Everyone’s heads are spinning. The constant updates and what to believe are frustrating at best. You have CDC guidance, government mandates that vary by state, federal authorities, and now an emergency Supreme Court case. What to think and do. The CDC has issued new guidance for vaccinating children.
First, think of you and your family and friends and what is best for you. There is no one size fits all in the pandemic environment we are all living in.
We started with COVID-19 which was new, and no one understood it. After fast global responses, it was identified, and scientists and the medical community raced to combat a major threat to the world that has already taken 5.5 million lives worldwide.
COVID-19 is a virus. The common cold as we call it, is a COVID virus. While we have as a world beaten smallpox, and, polio, those are bacterial infections. This is a new virus beast. It has been compared to the Black Plague and the Spanish Flu a century ago.
The Black Plague was a bacterium, suspected to be spread by fleas and rodents. The Spanish Flu, as it is known, was a pneumonia bacterium. We did not have modern medicine in those times to mitigate the symptoms.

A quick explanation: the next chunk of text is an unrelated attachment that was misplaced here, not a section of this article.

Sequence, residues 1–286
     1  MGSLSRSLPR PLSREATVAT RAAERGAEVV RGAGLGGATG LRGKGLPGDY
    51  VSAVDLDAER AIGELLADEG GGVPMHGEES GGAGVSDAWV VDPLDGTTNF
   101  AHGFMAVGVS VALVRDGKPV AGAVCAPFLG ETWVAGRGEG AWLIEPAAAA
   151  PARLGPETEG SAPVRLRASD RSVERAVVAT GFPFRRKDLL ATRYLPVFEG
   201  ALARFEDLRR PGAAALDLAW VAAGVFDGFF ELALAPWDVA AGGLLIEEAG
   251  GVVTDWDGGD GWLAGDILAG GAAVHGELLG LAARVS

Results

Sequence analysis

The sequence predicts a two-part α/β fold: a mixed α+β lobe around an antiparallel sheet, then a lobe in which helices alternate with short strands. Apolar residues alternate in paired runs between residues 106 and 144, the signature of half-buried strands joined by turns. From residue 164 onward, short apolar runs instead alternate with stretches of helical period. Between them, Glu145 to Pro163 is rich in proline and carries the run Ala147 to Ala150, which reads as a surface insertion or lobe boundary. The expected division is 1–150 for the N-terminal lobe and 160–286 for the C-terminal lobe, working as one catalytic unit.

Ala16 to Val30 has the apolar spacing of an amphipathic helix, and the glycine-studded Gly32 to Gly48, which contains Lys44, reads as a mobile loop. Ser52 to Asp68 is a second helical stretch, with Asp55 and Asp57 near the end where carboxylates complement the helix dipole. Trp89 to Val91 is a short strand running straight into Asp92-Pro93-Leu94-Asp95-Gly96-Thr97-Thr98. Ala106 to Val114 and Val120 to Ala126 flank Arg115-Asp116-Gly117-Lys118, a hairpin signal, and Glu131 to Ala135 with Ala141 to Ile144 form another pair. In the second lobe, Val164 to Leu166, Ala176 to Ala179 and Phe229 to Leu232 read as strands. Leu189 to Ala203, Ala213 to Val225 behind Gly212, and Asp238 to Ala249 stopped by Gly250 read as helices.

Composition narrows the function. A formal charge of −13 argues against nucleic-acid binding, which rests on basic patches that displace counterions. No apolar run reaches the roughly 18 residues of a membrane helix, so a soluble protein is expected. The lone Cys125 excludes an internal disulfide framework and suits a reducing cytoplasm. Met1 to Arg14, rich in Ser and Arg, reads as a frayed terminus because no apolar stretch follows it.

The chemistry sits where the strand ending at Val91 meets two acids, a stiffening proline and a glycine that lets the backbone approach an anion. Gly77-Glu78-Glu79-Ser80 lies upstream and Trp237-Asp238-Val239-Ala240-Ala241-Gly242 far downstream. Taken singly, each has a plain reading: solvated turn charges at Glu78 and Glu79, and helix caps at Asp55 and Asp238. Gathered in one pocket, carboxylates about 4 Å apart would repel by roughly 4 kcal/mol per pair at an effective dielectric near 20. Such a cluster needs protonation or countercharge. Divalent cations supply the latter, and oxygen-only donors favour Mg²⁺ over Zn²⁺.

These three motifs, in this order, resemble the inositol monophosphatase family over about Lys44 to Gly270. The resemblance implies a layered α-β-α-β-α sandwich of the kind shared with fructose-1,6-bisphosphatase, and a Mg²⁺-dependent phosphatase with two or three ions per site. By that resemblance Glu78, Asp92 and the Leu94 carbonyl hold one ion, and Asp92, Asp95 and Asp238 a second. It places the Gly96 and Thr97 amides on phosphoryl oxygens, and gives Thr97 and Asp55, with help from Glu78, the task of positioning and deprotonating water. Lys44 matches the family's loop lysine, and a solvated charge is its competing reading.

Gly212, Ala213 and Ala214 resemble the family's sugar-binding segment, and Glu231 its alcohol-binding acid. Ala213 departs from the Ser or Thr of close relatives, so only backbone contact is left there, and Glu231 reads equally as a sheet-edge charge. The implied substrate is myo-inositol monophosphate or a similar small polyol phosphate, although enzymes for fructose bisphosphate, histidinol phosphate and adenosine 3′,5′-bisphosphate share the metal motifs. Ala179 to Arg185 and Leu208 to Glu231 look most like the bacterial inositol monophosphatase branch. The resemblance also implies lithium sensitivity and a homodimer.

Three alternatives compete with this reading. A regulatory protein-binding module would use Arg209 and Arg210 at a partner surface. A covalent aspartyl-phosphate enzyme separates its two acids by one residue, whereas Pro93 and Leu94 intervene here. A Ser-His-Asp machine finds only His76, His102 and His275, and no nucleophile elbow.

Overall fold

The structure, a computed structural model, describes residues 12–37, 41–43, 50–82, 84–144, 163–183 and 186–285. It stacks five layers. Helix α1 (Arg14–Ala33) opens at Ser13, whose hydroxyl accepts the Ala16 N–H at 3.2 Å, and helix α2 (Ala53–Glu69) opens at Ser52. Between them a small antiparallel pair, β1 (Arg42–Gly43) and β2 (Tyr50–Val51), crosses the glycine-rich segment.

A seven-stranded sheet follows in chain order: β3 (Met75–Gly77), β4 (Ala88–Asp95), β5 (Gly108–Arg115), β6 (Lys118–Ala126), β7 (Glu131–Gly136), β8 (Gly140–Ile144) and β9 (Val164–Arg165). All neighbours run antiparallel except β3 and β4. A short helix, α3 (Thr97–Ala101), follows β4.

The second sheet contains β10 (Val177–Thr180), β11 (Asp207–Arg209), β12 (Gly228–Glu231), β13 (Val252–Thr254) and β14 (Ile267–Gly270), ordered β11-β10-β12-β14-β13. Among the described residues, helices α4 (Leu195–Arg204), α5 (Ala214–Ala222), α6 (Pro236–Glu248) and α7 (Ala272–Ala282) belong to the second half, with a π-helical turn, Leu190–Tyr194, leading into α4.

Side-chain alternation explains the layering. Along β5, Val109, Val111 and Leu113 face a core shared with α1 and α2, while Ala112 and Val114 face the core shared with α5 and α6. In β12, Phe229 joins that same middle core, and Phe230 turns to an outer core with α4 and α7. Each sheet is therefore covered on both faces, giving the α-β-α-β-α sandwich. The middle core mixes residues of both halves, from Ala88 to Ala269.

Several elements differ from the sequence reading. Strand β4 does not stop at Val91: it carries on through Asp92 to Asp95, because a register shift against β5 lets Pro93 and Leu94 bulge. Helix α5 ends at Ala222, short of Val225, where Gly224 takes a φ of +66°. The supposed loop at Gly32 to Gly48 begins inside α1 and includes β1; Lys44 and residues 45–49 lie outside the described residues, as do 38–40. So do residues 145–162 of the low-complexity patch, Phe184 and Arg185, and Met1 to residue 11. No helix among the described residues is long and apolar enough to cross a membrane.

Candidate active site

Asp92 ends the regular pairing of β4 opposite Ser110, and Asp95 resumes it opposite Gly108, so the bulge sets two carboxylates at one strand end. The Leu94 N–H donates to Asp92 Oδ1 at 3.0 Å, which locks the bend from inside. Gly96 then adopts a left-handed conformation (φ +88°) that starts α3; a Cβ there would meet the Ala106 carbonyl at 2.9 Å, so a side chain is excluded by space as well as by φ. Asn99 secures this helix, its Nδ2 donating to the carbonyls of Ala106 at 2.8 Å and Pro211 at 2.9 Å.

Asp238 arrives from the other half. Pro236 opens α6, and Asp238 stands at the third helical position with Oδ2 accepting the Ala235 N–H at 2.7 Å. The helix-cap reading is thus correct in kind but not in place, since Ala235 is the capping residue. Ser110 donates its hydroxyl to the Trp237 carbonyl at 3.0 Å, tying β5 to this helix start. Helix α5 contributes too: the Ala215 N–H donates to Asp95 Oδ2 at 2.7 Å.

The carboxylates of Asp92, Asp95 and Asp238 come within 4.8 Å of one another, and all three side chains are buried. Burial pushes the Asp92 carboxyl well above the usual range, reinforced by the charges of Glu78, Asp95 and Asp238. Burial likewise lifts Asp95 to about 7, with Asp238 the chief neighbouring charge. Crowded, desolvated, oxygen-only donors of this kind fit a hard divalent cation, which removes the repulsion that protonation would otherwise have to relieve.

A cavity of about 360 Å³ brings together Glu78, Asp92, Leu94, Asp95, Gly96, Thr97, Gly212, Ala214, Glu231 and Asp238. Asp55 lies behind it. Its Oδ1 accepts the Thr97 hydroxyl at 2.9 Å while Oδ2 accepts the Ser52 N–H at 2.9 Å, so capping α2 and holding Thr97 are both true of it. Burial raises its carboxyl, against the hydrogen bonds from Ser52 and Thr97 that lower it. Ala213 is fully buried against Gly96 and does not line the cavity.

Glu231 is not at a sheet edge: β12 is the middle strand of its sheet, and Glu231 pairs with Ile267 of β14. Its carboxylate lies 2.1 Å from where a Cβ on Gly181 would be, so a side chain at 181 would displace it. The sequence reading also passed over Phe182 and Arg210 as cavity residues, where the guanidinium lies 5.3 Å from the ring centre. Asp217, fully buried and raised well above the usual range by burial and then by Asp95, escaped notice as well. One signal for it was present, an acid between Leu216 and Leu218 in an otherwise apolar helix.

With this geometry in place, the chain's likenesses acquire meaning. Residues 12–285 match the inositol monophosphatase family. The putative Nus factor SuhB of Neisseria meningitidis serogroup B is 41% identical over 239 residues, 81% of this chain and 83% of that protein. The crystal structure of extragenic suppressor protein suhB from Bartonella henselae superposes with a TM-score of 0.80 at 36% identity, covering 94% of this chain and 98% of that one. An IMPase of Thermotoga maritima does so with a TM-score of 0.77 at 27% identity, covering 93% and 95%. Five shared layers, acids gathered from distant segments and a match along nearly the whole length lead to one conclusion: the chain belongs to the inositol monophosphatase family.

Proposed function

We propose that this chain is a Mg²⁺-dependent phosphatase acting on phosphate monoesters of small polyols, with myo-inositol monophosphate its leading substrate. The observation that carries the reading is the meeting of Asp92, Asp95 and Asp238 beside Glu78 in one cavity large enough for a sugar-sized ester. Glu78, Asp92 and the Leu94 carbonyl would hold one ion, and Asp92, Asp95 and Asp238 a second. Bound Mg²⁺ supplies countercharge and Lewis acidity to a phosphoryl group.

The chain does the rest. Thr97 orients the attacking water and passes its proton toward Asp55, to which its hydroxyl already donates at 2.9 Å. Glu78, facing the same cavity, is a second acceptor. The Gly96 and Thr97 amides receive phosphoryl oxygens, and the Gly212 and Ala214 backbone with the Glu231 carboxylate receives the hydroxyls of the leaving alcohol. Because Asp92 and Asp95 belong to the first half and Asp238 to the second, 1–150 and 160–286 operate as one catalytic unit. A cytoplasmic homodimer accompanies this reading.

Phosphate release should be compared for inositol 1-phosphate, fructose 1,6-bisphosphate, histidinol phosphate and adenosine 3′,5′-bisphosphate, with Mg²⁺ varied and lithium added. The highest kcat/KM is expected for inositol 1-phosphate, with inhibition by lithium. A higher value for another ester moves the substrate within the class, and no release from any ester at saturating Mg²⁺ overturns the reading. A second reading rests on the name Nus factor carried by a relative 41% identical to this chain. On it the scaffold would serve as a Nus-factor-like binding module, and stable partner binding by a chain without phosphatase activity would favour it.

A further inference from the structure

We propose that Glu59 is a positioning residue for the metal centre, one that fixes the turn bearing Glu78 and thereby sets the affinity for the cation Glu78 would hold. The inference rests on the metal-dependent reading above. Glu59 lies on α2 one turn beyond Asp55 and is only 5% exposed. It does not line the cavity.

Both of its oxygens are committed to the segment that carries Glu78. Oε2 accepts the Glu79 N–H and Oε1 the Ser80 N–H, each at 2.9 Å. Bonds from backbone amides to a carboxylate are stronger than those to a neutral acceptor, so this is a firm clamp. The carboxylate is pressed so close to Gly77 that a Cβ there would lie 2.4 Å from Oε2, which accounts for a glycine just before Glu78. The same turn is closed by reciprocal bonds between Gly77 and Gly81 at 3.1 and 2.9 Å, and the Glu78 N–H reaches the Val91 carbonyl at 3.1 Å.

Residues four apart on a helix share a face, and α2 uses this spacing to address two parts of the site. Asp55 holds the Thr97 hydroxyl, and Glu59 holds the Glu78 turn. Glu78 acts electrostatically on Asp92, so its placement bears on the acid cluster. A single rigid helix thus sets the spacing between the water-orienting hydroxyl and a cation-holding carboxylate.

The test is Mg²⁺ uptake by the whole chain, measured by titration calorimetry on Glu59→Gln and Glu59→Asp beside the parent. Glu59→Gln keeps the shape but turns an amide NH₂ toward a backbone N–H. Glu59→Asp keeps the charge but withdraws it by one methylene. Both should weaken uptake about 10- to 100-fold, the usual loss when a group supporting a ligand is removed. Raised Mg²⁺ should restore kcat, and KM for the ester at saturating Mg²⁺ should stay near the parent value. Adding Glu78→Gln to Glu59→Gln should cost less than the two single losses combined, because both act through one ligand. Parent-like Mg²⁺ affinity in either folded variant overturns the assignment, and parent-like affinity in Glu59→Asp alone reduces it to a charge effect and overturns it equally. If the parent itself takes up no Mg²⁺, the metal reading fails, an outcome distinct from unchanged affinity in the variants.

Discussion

While vaccinations against bacteria have proven successful, there is currently no known cure for a virus. Therefore, the flu shot is adapted each year to address the variants. While science is continuing to develop new antiviral drugs that reduce the effects of viruses, there is currently no silver bullet.
Older people, and young children are at much higher risk for both influenza and COVID. According to WHO, approximately 650,000 people die of influenza each year. In the US, that number is much lower and last year, it was only 20,000. That is being attributed to lesser interaction and people remaining quarantined due to COVID.
COVID-19 and its variants have proven much more deadly. So, what to do? Depending on your work environment, use your judgement. If your work allows you to be more isolated, your exposure to risk is lower. Contact your local, city, state, and school districts for current numbers and restrictions. School has been particularly difficult for working families. Trying to juggle work and the health and safety of students is trying.
But do not panic and become frightened by the media hype and confusing messaging. Look at your personal circumstances, exposure risk and make decisions based on the needs of your family.